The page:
Most examples of these bottle-aged Hunter Semillons exhibit a buttercup-yellow colour, burnt toast or honey characteristics on the nose and excellent complex flavours on the palate, with a long finish and soft acid. Young Hunter Valley semillon is always a dry wine exhibiting citrus flavours of lemon, lime or green apple. Cooler-year Hunter Semillons seem to be the most sought after, with some of the 1974 and 1977 vintages still drinking well; the newer, fruit-accentuated styles are championed by the likes of Iain Riggs at Brokenwood Wines and The Rothbury Estate. Sémillon is finding favour with Australian producers outside the Hunter Valley in the Barossa Valley and Margaret River regions; the Adelaide Hills is becoming a flourishing region for Semillon, with the cooler climate producing some wines of great complexity. Vineyards such as Amadio and Paracombe produce some premium blends of the classical style. Semillon is one of the Cape’s true heritage white varietals, with origins as early as the 17th century, the grape variety accounted for more than 90% of plantings in the first half of the 19th century.
While South African Semillon has not quite taken off as a serious commercial category in single varietal form in the modern era, there are stunning wines being made from older vineyards. More the variety plays a role in beefing up the volume of Sauvignon blancs; the best South African Semillons have juicy fruit with an ethereal-like citrus perfume, fine texture, herbal interest and manage to marry the intensity of flavour with finesse. Outside of these regions, however, Sémillon is unpopular and criticised for lack of complexity and intensity; as such, plantings have decreased over the last century. As referenced above, the grape can still be found in South Chile; the latter is reputed to have the largest plantin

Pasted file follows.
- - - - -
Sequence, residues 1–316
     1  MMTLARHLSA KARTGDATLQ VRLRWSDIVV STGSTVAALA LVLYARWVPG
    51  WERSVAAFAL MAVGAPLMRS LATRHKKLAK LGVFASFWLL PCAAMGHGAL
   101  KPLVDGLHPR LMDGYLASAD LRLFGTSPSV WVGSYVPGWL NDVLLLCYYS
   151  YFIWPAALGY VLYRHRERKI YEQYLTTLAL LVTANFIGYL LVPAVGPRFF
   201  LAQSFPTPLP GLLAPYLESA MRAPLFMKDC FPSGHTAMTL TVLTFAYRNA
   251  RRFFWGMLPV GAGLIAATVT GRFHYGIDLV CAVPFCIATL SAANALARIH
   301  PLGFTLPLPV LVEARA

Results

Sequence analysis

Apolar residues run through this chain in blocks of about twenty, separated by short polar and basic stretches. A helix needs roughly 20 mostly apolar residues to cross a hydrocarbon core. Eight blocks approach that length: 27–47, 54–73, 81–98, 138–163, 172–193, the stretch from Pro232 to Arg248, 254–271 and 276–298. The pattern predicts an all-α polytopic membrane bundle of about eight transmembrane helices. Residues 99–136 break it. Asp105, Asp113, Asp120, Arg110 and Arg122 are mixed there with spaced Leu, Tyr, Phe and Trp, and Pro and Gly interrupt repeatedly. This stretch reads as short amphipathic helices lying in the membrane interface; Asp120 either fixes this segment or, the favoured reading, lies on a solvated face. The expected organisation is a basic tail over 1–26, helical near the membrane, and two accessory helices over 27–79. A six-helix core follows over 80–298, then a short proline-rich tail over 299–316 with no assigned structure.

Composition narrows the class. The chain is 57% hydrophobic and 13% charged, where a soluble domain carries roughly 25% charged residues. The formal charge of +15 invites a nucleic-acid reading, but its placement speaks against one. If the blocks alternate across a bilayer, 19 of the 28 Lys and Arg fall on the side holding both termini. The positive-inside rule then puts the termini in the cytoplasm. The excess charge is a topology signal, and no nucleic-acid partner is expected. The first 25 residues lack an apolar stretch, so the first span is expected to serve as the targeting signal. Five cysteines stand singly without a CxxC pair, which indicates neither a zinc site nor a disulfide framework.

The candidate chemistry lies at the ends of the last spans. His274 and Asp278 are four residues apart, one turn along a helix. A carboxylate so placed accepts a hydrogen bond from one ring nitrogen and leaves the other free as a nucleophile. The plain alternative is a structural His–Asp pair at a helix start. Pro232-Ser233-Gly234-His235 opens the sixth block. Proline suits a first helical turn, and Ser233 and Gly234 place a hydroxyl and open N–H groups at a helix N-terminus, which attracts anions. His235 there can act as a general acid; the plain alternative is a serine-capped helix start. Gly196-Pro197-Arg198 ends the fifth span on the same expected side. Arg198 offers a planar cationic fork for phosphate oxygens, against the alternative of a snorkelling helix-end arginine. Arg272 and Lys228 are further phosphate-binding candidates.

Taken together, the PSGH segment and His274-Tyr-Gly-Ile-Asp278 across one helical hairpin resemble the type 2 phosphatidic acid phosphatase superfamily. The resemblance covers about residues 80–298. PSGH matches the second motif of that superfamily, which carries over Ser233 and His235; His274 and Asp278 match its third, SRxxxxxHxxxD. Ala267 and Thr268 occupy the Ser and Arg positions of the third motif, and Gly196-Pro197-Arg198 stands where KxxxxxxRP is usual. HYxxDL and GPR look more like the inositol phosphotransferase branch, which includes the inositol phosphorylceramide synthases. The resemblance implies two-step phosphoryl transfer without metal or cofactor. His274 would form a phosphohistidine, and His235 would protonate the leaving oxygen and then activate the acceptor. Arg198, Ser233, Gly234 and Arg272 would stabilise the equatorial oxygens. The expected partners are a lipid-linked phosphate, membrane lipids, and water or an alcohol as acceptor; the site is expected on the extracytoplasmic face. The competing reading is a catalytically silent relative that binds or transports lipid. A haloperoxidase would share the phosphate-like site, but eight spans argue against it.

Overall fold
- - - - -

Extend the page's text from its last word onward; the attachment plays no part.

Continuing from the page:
The Dordogne is a river in south-central and southwest France. The Dordogne and its watershed were designated Biosphere Reserve by UNESCO on July 11 2012; the river rises on the flanks of the Puy de Sancy at 1,885 metres above sea level in the mountains of Auvergne, from the confluence of two small torrents above the town of Le Mont-Dore: the Dore and the Dogne. It flows west about 500 kilometres through the Limousin and Périgord regions before flowing into the Gironde, its common estuary with the Garonne, at the Bec d'Ambès, north of the city of Bordeaux; the Dordogne is one of the few rivers in the world that exhibit the phenomenon of a tidal bore, known as a mascaret. The upper valley of the Dordogne is a series of deep gorges; the cliffs, steep banks, fast flowing water and high bridges attract both drivers. In several places the river is dammed to form deep lakes. Camp sites and holiday homes have proliferated wherever the valley floor is wide enough to accommodate them. Below Argentat and around Beaulieu-sur-Dordogne, the valley widens to accommodate fertile farmland, well-watered pasture and orchards.